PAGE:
There are still not enough women in senior positions in media. Many enter the workforce with brilliant credentials and strong ambitions – safe in the knowledge that employment legislation has demolished the old concept of the glass ceiling.
Yet, with some honourable exceptions, businesses are still being run by men, judging panels are largely dominated by men and conference stages are populated by men. Look at the company you work for. Given that women are half the population, we are a long way from equality in senior management.
We don’t believe there is a glass ceiling any more. There is a glass wall. Women can see through it – to the meetings that they are excluded from, the casual conversations that accelerate careers that they are not participating in, the times a boss does not consider a woman in her thirties for a promotion because she might go on maternity leave.
This is what has inspired us to write our forthcoming book The Glass Wall: Success Strategies For Women At Work, which is published by Profile Books in September.
We bring different views because one of us is at a media agency, while the other is at a media owner. So Media Week invited us to talk about our experiences.
Kathryn Jacob Change needs to happen. There’s less certainty now in the media industry, careers are less linear, everything is changing rapidly. The pressure just mounts and mounts. I was in a speed-mentoring session recently and there’s an idea that you need to be perfect at everything and, if you’re not a board director by the time you’re 26, then you’ve failed horribly.
Sue Unerman The fantasy that, to progress, you need to put your hand up for everything, always look perfect, always network – as an introvert, I find that impossibly discouraging. There are loads of ways to reach career success, loads of ways to develop resilience, but you don’t have to be perfect.
KJ There’s only a handful of women chief executives at media owners in Britain. On the agency side, there are more senior women. But the trading side does appear to be dominated by men. There is a perception that they all have nicknames and talk about golf and football.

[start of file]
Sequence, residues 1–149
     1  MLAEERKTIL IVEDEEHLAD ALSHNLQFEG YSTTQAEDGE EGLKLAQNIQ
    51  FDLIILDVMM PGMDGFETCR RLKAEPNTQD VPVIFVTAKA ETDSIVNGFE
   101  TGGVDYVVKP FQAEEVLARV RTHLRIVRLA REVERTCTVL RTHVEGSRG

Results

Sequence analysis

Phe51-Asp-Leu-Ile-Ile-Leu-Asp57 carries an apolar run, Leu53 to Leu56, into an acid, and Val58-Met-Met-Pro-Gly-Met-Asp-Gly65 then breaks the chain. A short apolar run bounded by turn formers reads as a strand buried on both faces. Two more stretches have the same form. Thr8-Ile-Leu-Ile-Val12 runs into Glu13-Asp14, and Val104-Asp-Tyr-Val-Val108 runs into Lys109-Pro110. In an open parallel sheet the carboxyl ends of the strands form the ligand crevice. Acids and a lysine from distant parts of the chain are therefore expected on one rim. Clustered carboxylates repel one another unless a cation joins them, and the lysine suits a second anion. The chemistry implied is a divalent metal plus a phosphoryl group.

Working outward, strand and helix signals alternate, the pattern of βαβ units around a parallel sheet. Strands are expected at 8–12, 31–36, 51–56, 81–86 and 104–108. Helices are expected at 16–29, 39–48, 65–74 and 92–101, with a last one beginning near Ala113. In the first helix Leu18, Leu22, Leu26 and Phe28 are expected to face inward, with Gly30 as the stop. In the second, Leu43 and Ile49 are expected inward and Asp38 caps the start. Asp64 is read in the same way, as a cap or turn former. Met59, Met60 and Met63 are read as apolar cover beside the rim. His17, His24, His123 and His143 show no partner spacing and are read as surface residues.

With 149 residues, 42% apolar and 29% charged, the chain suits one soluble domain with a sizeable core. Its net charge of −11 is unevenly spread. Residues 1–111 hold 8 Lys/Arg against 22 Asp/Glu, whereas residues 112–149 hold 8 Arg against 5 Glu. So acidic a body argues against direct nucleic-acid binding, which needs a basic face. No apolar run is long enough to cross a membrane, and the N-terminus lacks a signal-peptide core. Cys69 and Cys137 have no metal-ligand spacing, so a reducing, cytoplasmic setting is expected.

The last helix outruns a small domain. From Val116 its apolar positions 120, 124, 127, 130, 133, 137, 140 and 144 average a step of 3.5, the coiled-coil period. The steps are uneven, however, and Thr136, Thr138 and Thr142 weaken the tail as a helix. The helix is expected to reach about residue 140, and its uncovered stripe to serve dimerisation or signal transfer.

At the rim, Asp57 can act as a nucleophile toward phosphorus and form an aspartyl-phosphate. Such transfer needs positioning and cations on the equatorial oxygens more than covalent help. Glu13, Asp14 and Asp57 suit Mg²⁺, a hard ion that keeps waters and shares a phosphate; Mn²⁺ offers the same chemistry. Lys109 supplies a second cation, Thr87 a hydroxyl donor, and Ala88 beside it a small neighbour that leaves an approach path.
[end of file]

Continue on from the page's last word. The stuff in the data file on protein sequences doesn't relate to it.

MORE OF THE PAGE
Historically, I can remember situations when we never used to put a woman on the business at one particular media agency because they were just bait. That heritage remains and it needs to be confronted. Retaining talented women is the only way businesses are going to thrive.
SU There’s a story in our book about a woman called Anna who took on a new role and felt like she was being subtly excluded by men on the team. She would get presented with decisions in meetings that she hadn’t been involved in making, and it got worse. So the next time the men went to the gents to chat – in other words, to the one place in the office where she couldn’t follow – she did just that. She propped open the door and refused to allow them to exclude her. Anna’s action might seem extreme, but she made a joke about it and she made her point.
KJ Things have changed since I first started in the industry. Then, if you were a senior woman, you never put pictures of your children up. The expectation was that you were harder, more aggressive – effectively, a man with a lumpy jumpy and lippy. Now, people are open about having kids. But the only way you get change in an organisation is if the most senior people do it. You’ve got to walk your values, not just put them up on the wall. I still go to too many meetings where I am the only woman.
SU Even now, fairness in business seems to be based on fairness to a masculine norm rather than a feminine norm – especially if you’re caring for kids or elderly parents.
KJ I’m surprised there hasn’t been more change in the attitudes of young women today, given the higher number of female role models – Dame Carolyn McCall, for example, who recently said: "Don’t defeminise the way you are, just be yourself."
SU We’re not explaining to young women how to develop resilience in the right way. Recently, a female graduate raised with me the fact that she often sees women get talked over in meetings. I gave her four techniques to try from our book because fairness is important but that’s not enough. You need to have strategies up your sleeve.
So, depending on your personality and the type of meeting, you can: sit next to the most important person in the meeting – that makes you much more visible; you can rehearse what you’re going to say the night before; you can go up to the person running a regular meeting beforehand and ask for their help in making your voice heard; or you can confront it with banter or humour in the meeting.
KJ I was once in a meeting like this. I said: "OMG, have I just woken up in the 70s? Have we missed decades of women having really senior jobs in this industry?" Have your jokes in your handbag ready to go. As Facebook’s Sheryl Sandberg says, never push your chair back, never look like a subordinate.
Sue Unerman is the chief strategy officer at MediaCom UK; Kathryn Jacob is the chief executive of Pearl & Dean